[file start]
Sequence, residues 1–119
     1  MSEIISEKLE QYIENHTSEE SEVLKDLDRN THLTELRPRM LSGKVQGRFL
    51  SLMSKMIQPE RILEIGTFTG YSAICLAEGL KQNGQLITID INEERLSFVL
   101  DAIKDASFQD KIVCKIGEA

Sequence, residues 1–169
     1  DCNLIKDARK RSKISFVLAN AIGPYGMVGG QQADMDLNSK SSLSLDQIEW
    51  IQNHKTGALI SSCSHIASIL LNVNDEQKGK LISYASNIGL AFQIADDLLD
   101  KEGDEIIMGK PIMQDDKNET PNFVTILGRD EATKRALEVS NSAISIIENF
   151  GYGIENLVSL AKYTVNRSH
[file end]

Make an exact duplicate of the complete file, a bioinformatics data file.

Sequence, residues 1–119
     1  MSEIISEKLE QYIENHTSEE SEVLKDLDRN THLTELRPRM LSGKVQGRFL
    51  SLMSKMIQPE RILEIGTFTG YSAICLAEGL KQNGQLITID INEERLSFVL
   101  DAIKDASFQD KIVCKIGEA

Sequence, residues 1–169
     1  DCNLIKDARK RSKISFVLAN AIGPYGMVGG QQADMDLNSK SSLSLDQIEW
    51  IQNHKTGALI SSCSHIASIL LNVNDEQKGK LISYASNIGL AFQIADDLLD
   101  KEGDEIIMGK PIMQDDKNET PNFVTILGRD EATKRALEVS NSAISIIENF
   151  GYGIENLVSL AKYTVNRSH